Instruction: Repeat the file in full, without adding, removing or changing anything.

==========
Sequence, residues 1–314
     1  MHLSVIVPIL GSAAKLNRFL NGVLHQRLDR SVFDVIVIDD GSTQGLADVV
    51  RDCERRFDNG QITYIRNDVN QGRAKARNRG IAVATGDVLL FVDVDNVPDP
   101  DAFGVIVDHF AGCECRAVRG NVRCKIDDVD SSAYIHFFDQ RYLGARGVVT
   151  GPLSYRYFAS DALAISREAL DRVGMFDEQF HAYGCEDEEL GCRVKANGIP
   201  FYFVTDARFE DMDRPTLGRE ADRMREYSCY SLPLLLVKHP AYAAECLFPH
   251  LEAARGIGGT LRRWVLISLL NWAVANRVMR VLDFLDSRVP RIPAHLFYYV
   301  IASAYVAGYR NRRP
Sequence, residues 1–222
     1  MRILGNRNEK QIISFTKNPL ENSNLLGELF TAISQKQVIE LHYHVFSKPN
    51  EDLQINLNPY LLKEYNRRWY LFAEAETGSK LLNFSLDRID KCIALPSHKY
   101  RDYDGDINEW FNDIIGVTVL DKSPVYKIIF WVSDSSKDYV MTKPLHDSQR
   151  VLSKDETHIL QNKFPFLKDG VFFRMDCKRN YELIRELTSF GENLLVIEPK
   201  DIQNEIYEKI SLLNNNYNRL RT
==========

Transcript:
Sequence, residues 1–314
     1  MHLSVIVPIL GSAAKLNRFL NGVLHQRLDR SVFDVIVIDD GSTQGLADVV
    51  RDCERRFDNG QITYIRNDVN QGRAKARNRG IAVATGDVLL FVDVDNVPDP
   101  DAFGVIVDHF AGCECRAVRG NVRCKIDDVD SSAYIHFFDQ RYLGARGVVT
   151  GPLSYRYFAS DALAISREAL DRVGMFDEQF HAYGCEDEEL GCRVKANGIP
   201  FYFVTDARFE DMDRPTLGRE ADRMREYSCY SLPLLLVKHP AYAAECLFPH
   251  LEAARGIGGT LRRWVLISLL NWAVANRVMR VLDFLDSRVP RIPAHLFYYV
   301  IASAYVAGYR NRRP
Sequence, residues 1–222
     1  MRILGNRNEK QIISFTKNPL ENSNLLGELF TAISQKQVIE LHYHVFSKPN
    51  EDLQINLNPY LLKEYNRRWY LFAEAETGSK LLNFSLDRID KCIALPSHKY
   101  RDYDGDINEW FNDIIGVTVL DKSPVYKIIF WVSDSSKDYV MTKPLHDSQR
   151  VLSKDETHIL QNKFPFLKDG VFFRMDCKRN YELIRELTSF GENLLVIEPK
   201  DIQNEIYEKI SLLNNNYNRL RT